Or better yet, note how it stimulates the economy. In Minnesota alone, fishing brings nearly $1.8 billion a year to local businesses and supports nearly 55,000 jobs.

Seriously, how can any fishing nay-sayer argue with that positive impact? That should be the end of the debate.

But of course, we have some more ideas in case they're still being stubborn.

Fishing is unpredictable.

Angling is one of the most unpredictable hobbies you can take up. You know every time you go golfing that your friend Bob is going to shank that ball into the woods on hole seven, and he'll come up short on hole eleven and put the ball in the water.

Maybe that's a silly example, but you're probably getting the idea. There are so many hobbies that just get predictably boring after a while.

That's not so with fishing. You're out in the wild, in nature, and you never know what you're going to catch.

Maybe one day instead of a fish, you hook into a big snapping turtle. Or maybe on another trip, you and your buddies rescue a wild, angry bobcat from the middle of the lake. Or a shark nearly sinks its teeth into you as you try to boat it!

Okay, that last one may be a little scary, but you get the point. No two days of fishing are the same. You never know what kind of wild adventure you are in for, and that's just another reason why fishing is one of the greatest outdoor activities.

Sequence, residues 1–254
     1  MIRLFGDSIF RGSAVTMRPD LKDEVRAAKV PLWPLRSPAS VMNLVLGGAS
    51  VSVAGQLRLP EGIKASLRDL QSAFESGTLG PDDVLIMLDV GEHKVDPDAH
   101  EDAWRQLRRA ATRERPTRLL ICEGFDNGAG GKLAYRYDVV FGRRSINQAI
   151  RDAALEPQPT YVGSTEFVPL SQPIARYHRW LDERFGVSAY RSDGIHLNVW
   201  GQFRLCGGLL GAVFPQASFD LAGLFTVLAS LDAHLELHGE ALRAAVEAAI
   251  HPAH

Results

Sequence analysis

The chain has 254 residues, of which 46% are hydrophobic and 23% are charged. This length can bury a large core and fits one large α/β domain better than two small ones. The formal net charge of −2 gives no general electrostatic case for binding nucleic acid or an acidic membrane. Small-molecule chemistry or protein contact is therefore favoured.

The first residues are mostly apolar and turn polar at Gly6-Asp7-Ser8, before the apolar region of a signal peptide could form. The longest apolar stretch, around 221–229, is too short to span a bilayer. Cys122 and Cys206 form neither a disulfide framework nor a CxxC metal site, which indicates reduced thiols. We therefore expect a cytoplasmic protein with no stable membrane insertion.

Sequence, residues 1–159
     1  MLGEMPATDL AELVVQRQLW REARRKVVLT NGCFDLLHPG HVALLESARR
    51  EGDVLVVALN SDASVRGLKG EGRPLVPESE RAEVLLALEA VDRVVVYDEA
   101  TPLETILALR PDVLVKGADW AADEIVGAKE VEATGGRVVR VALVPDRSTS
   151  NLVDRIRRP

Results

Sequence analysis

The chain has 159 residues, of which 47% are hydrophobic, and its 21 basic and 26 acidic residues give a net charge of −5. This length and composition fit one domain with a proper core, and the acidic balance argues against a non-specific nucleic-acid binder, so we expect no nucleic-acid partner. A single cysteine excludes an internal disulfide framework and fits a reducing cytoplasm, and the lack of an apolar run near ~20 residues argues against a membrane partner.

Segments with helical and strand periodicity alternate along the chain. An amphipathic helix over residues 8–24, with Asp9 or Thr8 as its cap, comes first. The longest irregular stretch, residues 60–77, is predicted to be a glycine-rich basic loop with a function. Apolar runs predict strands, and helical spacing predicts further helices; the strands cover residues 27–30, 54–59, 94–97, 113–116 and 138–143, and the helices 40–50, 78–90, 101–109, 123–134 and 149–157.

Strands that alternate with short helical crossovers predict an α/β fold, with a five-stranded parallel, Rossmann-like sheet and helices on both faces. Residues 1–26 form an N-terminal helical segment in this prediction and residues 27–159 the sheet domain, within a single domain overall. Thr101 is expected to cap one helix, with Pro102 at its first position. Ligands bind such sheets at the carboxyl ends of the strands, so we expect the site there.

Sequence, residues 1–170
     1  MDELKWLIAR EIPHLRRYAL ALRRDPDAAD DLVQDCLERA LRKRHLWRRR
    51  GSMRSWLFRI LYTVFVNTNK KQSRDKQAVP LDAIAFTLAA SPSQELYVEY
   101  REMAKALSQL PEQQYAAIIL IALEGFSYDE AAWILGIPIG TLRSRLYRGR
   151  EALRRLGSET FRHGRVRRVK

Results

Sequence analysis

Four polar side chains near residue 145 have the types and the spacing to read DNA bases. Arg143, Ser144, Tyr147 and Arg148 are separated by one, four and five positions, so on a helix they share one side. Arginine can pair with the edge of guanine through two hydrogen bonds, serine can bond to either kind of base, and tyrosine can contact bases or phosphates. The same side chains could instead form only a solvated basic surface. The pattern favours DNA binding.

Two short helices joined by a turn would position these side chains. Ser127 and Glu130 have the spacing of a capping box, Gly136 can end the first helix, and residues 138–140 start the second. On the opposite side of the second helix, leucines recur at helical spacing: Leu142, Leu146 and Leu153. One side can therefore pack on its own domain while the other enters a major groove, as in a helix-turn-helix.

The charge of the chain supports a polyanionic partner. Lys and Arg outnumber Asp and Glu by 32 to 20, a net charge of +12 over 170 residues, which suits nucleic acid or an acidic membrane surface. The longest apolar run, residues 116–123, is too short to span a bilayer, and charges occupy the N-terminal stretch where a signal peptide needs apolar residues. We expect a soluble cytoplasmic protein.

Fishing is super fun when introduced properly.

Our last hint for convincing nay-sayers that fishing is fun is to simply take them with you. Sometimes, they must see for themselves.

Now, before you do that, it's worth it to evaluate the person you are trying to convince about the hobby. Is this someone who hates the idea of sitting on a blistering dock threading worms onto a hook for bluegill? Maybe you'll want to skip that as an intro to fishing and instead focus on using a kayak and artificial lures that can be worked fast. That way it keeps their attention.

Or maybe the person is a health nut. You need to find a way to introduce it to them in a way that highlights the benefits I already talked about in this article. Really hammer home how much more satisfying a hand-caught fish meal is to one pulled out of the frozen food section at Wal-Mart.

Maybe the person thinks fishing is boring. That's easy, take them out fishing for a big, aggressive predatory species like barracuda or northern pike. Perhaps the person is a nature nut who doesn't understand how fishing will enhance their love of the outdoors. In that case, find a nice, secluded and peaceful place where they stand a good chance of seeing a moose on the shore or an eagle flying above. It may not take them long to come around.

Simply put, if you're trying to convince someone fishing is awesome by showing, you need to cater the experience to them and their likes and dislikes. If you do it properly, we're betting it will only take a few hours for them to finally come around on angling!

For more outdoor content from Travis Smola, be sure to follow him on Twitter and check out his Geocaching and Outdoors with Travis Youtube channels